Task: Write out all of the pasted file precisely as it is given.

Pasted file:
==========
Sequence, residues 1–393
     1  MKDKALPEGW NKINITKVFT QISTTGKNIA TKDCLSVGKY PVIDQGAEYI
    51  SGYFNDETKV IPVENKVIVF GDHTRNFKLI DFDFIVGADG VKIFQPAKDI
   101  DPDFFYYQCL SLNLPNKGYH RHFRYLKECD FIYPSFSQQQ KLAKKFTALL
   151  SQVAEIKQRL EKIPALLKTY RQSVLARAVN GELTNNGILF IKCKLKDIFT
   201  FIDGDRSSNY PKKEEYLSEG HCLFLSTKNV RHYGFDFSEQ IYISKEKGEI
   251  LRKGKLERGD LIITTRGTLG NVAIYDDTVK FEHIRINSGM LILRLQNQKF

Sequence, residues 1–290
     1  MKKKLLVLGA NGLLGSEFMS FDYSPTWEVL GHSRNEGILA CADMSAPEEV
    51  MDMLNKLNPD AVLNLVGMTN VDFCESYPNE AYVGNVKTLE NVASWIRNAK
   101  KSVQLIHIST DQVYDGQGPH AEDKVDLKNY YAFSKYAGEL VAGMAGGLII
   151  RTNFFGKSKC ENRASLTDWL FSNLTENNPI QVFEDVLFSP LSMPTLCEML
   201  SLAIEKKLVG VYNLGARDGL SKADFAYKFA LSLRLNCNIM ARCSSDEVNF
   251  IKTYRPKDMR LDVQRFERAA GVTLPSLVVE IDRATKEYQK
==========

Sequence, residues 1–393
     1  MKDKALPEGW NKINITKVFT QISTTGKNIA TKDCLSVGKY PVIDQGAEYI
    51  SGYFNDETKV IPVENKVIVF GDHTRNFKLI DFDFIVGADG VKIFQPAKDI
   101  DPDFFYYQCL SLNLPNKGYH RHFRYLKECD FIYPSFSQQQ KLAKKFTALL
   151  SQVAEIKQRL EKIPALLKTY RQSVLARAVN GELTNNGILF IKCKLKDIFT
   201  FIDGDRSSNY PKKEEYLSEG HCLFLSTKNV RHYGFDFSEQ IYISKEKGEI
   251  LRKGKLERGD LIITTRGTLG NVAIYDDTVK FEHIRINSGM LILRLQNQKF

Sequence, residues 1–290
     1  MKKKLLVLGA NGLLGSEFMS FDYSPTWEVL GHSRNEGILA CADMSAPEEV
    51  MDMLNKLNPD AVLNLVGMTN VDFCESYPNE AYVGNVKTLE NVASWIRNAK
   101  KSVQLIHIST DQVYDGQGPH AEDKVDLKNY YAFSKYAGEL VAGMAGGLII
   151  RTNFFGKSKC ENRASLTDWL FSNLTENNPI QVFEDVLFSP LSMPTLCEML
   201  SLAIEKKLVG VYNLGARDGL SKADFAYKFA LSLRLNCNIM ARCSSDEVNF
   251  IKTYRPKDMR LDVQRFERAA GVTLPSLVVE IDRATKEYQK